NSF BRC-BIO UPCOMING SUBMISSION DEADLINE

The Division of Molecular and Cellular Biosciences (MCB) would like to bring your attention to the upcoming deadline for an NSF program designed to support pre-tenure faculty, Building Research Capacity of New Faculty in Biology (BRC-BIO). The next submission window opens on December 1 and closes on December 31, 2022.

BRC-BIO (current solicitation NSF 22-500) is a BIO wide program that supports early career faculty in the development of a sustainable research program. Eligibility is limited to faculty at the Assistant Professor rank within 3-years of employment at an institution that is not among the nation’s most research intensive, which includes minority-serving institutions (MSIs) and predominantly undergraduate institutions (PUIs).

Proposed projects are expected to focus on research from any area of biology that is supported by the BIO directorate at NSF. MCB focused projects encompass content that falls within one of the four cluster areas: Cellular Dynamics and Function, Molecular Biophysics, Genetic Mechanisms, and Systems and Synthetic Biology.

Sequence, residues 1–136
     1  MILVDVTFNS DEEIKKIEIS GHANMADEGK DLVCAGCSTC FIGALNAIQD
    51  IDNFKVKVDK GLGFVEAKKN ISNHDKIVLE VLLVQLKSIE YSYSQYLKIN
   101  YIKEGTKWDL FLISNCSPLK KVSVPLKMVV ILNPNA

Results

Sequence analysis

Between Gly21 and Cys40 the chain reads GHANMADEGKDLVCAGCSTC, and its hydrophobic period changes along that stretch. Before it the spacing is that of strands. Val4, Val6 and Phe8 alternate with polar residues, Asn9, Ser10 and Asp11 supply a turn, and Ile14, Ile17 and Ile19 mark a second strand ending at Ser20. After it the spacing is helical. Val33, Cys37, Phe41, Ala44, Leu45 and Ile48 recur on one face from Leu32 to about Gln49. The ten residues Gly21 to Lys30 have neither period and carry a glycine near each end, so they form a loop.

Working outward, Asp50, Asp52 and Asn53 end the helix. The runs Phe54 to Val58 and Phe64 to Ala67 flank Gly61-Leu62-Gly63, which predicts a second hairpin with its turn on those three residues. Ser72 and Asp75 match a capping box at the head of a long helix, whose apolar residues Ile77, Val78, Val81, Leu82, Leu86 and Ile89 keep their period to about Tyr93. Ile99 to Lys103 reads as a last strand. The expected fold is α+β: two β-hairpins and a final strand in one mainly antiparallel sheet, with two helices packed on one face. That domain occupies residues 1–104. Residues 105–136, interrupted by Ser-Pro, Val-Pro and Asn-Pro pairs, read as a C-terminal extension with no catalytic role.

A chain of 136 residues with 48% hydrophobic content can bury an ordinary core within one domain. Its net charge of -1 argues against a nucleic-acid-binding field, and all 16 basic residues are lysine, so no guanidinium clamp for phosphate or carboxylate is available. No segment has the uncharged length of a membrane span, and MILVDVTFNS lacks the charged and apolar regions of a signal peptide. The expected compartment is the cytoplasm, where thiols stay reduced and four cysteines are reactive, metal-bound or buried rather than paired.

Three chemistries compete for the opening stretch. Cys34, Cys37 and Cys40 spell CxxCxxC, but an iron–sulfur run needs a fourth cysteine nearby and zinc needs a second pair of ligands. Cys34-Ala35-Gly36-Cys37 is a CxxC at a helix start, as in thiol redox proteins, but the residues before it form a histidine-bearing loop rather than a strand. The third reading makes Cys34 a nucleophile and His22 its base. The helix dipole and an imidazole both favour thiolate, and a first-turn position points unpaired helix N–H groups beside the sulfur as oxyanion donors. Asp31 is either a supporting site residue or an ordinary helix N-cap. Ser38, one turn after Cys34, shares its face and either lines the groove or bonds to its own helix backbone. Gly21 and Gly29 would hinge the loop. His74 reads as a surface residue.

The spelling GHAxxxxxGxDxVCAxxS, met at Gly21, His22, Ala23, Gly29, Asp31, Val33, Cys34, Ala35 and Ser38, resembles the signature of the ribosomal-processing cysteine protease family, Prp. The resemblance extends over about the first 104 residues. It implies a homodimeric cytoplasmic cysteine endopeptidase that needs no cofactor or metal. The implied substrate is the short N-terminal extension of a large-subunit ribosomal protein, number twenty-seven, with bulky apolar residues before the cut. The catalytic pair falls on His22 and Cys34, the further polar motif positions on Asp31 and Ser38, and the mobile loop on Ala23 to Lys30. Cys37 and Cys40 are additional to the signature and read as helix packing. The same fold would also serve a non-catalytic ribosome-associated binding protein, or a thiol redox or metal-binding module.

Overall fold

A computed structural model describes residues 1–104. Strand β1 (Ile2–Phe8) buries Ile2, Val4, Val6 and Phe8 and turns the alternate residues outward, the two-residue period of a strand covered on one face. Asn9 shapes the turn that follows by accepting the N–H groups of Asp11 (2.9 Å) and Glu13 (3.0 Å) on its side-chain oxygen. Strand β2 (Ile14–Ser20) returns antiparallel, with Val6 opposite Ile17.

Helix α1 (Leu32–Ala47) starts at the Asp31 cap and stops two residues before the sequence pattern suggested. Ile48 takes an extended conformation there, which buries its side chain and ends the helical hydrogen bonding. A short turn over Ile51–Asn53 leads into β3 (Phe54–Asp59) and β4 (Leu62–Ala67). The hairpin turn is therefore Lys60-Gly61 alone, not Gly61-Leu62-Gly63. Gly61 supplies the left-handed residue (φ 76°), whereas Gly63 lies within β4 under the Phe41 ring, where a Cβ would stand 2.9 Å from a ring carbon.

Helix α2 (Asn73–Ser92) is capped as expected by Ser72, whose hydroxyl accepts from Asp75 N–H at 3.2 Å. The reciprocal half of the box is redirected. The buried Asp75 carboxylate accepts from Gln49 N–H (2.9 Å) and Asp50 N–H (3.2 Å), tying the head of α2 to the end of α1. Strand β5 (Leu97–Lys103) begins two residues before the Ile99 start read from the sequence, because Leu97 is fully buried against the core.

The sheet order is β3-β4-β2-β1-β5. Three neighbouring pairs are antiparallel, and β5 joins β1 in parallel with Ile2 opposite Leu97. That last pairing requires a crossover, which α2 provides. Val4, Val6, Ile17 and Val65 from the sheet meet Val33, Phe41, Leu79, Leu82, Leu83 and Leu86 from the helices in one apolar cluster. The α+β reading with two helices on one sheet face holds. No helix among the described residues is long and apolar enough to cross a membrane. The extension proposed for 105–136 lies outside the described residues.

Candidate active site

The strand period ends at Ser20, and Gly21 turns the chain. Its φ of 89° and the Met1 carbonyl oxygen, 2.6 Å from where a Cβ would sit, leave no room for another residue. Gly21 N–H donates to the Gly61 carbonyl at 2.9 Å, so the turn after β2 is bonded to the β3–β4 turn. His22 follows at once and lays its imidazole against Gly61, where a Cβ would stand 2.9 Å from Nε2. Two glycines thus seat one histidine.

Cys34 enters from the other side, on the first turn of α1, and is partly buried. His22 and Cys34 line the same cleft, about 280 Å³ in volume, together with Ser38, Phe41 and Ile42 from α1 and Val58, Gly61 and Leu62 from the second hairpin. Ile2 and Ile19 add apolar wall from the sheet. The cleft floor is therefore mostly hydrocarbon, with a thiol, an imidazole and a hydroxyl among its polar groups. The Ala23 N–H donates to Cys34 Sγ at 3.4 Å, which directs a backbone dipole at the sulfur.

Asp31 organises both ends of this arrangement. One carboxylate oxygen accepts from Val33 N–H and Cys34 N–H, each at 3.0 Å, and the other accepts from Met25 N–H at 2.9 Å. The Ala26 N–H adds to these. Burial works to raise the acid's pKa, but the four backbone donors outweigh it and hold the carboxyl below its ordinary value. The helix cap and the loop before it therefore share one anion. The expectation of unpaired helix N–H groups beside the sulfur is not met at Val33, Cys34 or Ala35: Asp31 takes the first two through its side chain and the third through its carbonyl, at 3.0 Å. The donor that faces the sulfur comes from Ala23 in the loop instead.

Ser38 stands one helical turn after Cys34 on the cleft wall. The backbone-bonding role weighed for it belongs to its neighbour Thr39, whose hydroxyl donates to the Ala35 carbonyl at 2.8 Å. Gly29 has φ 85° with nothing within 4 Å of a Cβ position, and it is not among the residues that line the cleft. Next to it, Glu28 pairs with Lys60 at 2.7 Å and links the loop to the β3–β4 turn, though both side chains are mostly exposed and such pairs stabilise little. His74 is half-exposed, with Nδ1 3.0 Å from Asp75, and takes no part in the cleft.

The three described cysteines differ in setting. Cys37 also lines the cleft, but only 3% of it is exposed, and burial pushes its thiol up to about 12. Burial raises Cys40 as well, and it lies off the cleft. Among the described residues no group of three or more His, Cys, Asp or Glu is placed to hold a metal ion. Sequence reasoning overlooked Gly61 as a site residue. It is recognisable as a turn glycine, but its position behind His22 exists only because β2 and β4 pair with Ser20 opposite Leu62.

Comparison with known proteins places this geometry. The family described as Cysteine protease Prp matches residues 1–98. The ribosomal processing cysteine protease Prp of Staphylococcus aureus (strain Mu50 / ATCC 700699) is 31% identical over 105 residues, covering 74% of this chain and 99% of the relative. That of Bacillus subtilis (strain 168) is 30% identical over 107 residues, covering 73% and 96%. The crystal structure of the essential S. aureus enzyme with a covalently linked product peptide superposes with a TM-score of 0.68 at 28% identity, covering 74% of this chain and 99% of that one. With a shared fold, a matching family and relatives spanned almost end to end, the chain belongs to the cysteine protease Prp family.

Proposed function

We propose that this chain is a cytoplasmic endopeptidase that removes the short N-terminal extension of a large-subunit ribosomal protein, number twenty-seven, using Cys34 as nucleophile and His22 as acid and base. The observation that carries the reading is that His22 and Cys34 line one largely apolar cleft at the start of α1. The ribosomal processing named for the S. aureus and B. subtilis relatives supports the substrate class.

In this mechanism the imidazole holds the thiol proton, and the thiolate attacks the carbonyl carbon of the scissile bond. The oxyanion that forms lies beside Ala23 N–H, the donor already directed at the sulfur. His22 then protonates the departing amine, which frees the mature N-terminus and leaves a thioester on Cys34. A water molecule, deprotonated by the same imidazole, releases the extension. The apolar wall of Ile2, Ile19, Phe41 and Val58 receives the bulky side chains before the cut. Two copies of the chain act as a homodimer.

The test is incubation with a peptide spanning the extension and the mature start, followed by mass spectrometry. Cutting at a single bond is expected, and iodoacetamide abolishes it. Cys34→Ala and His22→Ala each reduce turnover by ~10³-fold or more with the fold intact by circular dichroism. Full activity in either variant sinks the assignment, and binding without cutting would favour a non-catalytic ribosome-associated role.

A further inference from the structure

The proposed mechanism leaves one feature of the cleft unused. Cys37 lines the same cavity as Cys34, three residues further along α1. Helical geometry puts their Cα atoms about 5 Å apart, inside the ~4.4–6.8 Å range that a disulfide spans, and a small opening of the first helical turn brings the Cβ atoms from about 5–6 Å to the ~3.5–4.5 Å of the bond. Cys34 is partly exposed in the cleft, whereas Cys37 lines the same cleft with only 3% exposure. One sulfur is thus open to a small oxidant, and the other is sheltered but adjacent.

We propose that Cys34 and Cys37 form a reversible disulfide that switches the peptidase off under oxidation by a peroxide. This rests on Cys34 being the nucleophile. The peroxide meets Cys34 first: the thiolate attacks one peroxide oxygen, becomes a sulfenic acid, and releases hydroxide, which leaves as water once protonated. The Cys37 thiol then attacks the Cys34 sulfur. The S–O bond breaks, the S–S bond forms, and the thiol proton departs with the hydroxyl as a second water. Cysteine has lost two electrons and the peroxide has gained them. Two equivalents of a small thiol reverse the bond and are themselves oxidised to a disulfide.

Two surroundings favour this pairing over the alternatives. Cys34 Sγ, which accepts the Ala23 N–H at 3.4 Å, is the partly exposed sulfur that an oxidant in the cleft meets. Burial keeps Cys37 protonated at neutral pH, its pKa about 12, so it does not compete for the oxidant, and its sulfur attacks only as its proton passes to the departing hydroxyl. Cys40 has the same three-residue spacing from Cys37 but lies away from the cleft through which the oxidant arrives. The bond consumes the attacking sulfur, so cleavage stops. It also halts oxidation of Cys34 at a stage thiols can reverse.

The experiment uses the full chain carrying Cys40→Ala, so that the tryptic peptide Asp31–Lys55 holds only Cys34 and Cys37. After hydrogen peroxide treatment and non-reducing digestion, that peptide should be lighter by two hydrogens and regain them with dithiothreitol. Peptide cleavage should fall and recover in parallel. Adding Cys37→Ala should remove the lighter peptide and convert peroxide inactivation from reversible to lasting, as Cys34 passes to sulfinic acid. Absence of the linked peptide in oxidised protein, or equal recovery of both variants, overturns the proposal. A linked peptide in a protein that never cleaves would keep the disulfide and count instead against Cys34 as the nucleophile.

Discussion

Research applications require a six-page research plan, which includes both intellectual merit and broader impacts, a two-page Impact statement, and a letter from the Department Chair (or more senior organizational official). Projects should be presented in sufficient detail to enable evaluation based on the potential to: a) provide valuable new scientific insights that will enable future research, and b) integrate the research into an educational training environment that engages undergraduates in authentic research experiences. An additional expectation is that the broader impacts activities of these projects, including training, have a focus on inclusion and broadening participation in biological research.